Sleep Linked to Type 2 Diabetes Risk: Are Your Kids Getting Enough Sleep? by Mei Marcie
Diabetes is a common health condition affecting adults, and increasingly children. Various studies have examined different factors affecting diabetes risk, and in this study, researchers from St. George's, University of London, set out to examine the potential link between sleep duration and Type 2 diabetes risk in children.
From examining 4,525 multiethnic children between the ages of 9 and 10 years, researchers found that the shorter the sleep duration, the higher the children’s levels of body fat. Just a one-hour-longer sleep duration was associated with 0.19 lower body mass index (BMI) and 0.03 kg lower fat mass index. There was also an inverse correlation between sleep duration and insulin levels, insulin resistance and blood sugar levels.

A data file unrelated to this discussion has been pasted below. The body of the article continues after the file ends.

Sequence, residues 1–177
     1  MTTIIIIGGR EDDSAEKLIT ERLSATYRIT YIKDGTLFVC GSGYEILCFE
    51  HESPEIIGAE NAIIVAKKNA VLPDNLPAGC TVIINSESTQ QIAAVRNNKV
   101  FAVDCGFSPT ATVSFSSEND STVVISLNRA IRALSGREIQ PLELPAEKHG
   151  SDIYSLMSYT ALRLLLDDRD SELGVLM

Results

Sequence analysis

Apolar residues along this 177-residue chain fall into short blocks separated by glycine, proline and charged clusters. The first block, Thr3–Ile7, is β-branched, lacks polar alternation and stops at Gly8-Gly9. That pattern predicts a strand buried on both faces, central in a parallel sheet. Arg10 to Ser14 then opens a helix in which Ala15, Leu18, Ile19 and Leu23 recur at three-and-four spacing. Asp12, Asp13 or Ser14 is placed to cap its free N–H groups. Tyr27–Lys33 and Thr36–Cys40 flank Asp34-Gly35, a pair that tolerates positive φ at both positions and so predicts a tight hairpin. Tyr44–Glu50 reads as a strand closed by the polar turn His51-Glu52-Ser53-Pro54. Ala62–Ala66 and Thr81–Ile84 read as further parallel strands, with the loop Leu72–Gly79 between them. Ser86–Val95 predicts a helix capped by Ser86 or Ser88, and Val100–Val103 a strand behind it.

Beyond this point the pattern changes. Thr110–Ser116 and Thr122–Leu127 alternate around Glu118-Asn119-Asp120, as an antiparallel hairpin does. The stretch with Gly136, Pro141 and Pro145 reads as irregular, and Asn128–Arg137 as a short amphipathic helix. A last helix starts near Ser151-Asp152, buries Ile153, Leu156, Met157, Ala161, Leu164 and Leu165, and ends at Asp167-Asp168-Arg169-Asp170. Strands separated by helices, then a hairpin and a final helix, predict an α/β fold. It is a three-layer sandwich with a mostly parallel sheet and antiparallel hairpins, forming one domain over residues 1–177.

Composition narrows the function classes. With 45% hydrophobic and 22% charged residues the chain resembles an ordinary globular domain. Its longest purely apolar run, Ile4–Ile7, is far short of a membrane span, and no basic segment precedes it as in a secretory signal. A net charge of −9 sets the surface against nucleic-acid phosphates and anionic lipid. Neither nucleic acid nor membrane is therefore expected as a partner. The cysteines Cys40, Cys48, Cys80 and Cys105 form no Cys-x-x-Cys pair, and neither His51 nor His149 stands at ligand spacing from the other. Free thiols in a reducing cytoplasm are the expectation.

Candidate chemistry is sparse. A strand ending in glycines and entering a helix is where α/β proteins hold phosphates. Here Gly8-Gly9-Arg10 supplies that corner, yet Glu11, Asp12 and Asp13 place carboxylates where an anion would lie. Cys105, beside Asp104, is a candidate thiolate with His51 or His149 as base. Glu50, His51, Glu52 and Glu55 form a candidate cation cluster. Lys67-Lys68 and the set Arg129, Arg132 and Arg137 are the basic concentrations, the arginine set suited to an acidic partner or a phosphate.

On the other hand, increasing the mean sleep length during the weekday by 30 minutes could lead to a decrease in BMI of 0.1 kg per square meter and a decrease in insulin resistance. While this study does not show causation, it is worthwhile for parents to remember that sleep is important, and grade school kids should have 9 to 12 hours of sleep daily. The study was published in the journal Pediatrics.
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